While her take is entertaining, the quotes she includes are downright spooky: though our own context might not be the same, the sentiments are quite possibly universal. Too many choices–and opportunity cost, when picking one means you necessarily can’t have the others.

From Gottlieb, to Aleksander:

The article was like I was someone’s big sister and I was saying here’s my experience and all of the misconceptions I had… I think you guys are actually lucky because you’ll get a more mixed set of messages. When I was in my 20s, women were all about having it all and ‘a guy is great but he is not the main course.’ We got a single message and it was all, me, me, me, me, me. ‘You go girl!’ And now those of us that grew up with these messages are finally admitting that those messages of empowerment may actually conflict with what we want.

And leave it to Tsing Loh to be so candid it will make you cringe, cry, and chuckle:

[Tsing Loh] speculated about the reason for this apparent surge in matronly warnings: ‘I think because we’re really surprised!’ she screamed into the receiver. ‘In our 20s, the world was totally our oyster. All those fights had been fought. We weren’t going to be ’50s housewives, we were in college, we could pick and choose from a menu of careers, and there were all these interesting guys out there not like our dads. We were smart women who had a lot of options and made intelligent choices and that’s why we’re writing these pieces. We’re shocked!’

‘It must be very confusing,’ she said sympathetically. ‘We were the proteges of old-guard feminists: ‘Don’t have a baby, or if you must, have one, wait till your 40s.’ We were sold more of a mission plan and now you guys… Well, sadly, it all seems like kind of a mess. There is no mission. Even stay-at-home moms feel unsuccessful unless they’re canning their own marmalade and selling it on the Internet. You just have a bunch of drunk, depressed, 45-year-old ladies going, ‘A-BLAH-BLAH-BLAH.’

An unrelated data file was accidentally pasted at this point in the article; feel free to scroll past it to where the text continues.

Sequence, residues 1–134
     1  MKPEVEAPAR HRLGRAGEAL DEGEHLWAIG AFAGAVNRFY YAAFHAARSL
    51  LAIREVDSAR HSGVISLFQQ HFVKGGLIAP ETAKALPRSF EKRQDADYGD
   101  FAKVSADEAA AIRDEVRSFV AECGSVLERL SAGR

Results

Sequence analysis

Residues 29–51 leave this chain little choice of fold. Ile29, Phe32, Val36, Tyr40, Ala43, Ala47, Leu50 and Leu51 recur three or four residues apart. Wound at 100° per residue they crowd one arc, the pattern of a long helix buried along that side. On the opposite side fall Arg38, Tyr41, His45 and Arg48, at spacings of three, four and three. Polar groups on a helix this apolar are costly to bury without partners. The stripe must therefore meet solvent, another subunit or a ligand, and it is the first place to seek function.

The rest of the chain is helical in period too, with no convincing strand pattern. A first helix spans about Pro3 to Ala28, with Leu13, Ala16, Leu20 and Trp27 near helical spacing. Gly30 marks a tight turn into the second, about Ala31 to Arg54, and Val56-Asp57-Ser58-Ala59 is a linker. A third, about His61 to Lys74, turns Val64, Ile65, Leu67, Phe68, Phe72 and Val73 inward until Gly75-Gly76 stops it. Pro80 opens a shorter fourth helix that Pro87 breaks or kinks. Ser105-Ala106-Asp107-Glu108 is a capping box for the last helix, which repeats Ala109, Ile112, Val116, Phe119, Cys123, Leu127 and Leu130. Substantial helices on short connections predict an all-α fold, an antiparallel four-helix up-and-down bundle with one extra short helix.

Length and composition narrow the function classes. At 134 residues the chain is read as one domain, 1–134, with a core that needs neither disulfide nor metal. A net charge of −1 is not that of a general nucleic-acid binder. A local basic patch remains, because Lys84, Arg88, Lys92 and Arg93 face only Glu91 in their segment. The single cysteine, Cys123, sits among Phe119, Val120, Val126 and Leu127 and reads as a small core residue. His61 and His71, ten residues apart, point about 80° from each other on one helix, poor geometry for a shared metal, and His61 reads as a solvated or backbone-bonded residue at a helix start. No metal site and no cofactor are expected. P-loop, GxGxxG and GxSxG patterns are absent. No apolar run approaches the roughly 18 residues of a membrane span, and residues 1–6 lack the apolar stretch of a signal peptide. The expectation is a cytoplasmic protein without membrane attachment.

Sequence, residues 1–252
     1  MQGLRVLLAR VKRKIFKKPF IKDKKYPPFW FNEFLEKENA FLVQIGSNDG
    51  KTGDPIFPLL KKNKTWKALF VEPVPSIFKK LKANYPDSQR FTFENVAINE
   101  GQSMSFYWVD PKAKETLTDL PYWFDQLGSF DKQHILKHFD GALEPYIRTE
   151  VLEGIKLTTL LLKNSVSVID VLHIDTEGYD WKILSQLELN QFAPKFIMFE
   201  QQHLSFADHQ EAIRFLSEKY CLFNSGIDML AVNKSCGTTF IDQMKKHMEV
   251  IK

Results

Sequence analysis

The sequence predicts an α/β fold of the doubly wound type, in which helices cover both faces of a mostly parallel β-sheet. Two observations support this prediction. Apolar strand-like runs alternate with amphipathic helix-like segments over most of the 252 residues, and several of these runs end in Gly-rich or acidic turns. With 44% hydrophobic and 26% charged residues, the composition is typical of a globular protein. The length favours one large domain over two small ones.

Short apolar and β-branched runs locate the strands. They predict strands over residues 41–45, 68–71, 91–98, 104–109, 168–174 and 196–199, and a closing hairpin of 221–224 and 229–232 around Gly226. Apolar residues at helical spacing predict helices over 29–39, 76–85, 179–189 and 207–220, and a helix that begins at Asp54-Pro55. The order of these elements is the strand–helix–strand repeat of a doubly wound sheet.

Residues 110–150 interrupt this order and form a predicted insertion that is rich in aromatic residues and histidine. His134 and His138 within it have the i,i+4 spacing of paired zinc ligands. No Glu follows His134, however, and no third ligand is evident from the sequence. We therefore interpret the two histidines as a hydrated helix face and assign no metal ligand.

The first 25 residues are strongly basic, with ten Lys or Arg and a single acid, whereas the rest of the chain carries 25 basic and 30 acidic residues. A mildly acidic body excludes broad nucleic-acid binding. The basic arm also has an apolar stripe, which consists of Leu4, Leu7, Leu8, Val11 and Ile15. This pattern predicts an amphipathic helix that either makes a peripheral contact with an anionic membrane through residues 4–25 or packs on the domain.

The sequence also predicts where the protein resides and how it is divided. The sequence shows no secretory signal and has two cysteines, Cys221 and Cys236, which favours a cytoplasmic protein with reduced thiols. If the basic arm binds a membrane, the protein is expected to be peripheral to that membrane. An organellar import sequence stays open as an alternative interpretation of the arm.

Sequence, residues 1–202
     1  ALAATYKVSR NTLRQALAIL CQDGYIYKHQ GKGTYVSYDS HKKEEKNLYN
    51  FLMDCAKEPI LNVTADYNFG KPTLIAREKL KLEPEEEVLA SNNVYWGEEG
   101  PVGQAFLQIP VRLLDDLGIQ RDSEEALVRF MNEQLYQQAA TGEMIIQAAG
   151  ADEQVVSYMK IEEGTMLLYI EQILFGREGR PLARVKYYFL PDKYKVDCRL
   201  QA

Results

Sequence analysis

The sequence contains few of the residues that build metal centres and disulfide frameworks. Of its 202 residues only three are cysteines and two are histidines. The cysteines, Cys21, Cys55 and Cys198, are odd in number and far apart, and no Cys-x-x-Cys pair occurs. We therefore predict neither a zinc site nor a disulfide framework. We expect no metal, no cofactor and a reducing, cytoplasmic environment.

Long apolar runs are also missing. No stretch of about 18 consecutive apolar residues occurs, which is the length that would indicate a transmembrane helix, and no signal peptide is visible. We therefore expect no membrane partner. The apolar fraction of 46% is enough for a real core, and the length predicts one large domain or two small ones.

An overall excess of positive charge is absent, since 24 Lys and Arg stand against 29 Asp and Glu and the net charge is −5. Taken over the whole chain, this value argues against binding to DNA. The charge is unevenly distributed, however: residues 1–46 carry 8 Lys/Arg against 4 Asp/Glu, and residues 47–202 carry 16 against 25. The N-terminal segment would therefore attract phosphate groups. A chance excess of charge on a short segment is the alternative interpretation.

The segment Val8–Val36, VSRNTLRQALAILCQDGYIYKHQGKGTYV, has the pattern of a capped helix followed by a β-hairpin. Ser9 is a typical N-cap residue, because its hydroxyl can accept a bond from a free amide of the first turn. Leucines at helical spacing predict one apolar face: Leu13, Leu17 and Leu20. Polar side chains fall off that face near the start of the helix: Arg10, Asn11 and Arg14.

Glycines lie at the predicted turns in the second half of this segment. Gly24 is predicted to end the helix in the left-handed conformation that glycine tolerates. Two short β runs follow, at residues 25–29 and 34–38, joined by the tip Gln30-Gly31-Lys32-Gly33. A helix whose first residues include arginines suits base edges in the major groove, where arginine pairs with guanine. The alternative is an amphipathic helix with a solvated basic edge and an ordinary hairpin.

Again, whew.

Aleksander goes on, recounting a conversation she had with a friend about the subject:

‘They are the first generation of women who were presented with choices,’ she said. ‘I think they are in the process of reflecting on a half-century of existence and are realizing that ‘having it all’ was really a lie. Sometimes I think the idea of ‘having it all’ can almost be more disempowering than ‘having it all’ because one is never allowed enough time or energy to excel in one area of their life.’

Choices. Uncharted territory. It looks to me like yet another mirror of our whole thesis: with so many options, is it ever possible not to second-guess ourselves? to wonder about the road not traveled? to worry that the grass is greener? to find yourself paralyzed in the face of all that analysis? When do you just take a seat, any seat? And, with all the seats out there, is it ever possible to be content with the seat we’ve chosen?

I don’t know, but I’m hopeful that one day, we’ll find the answer.

In bed.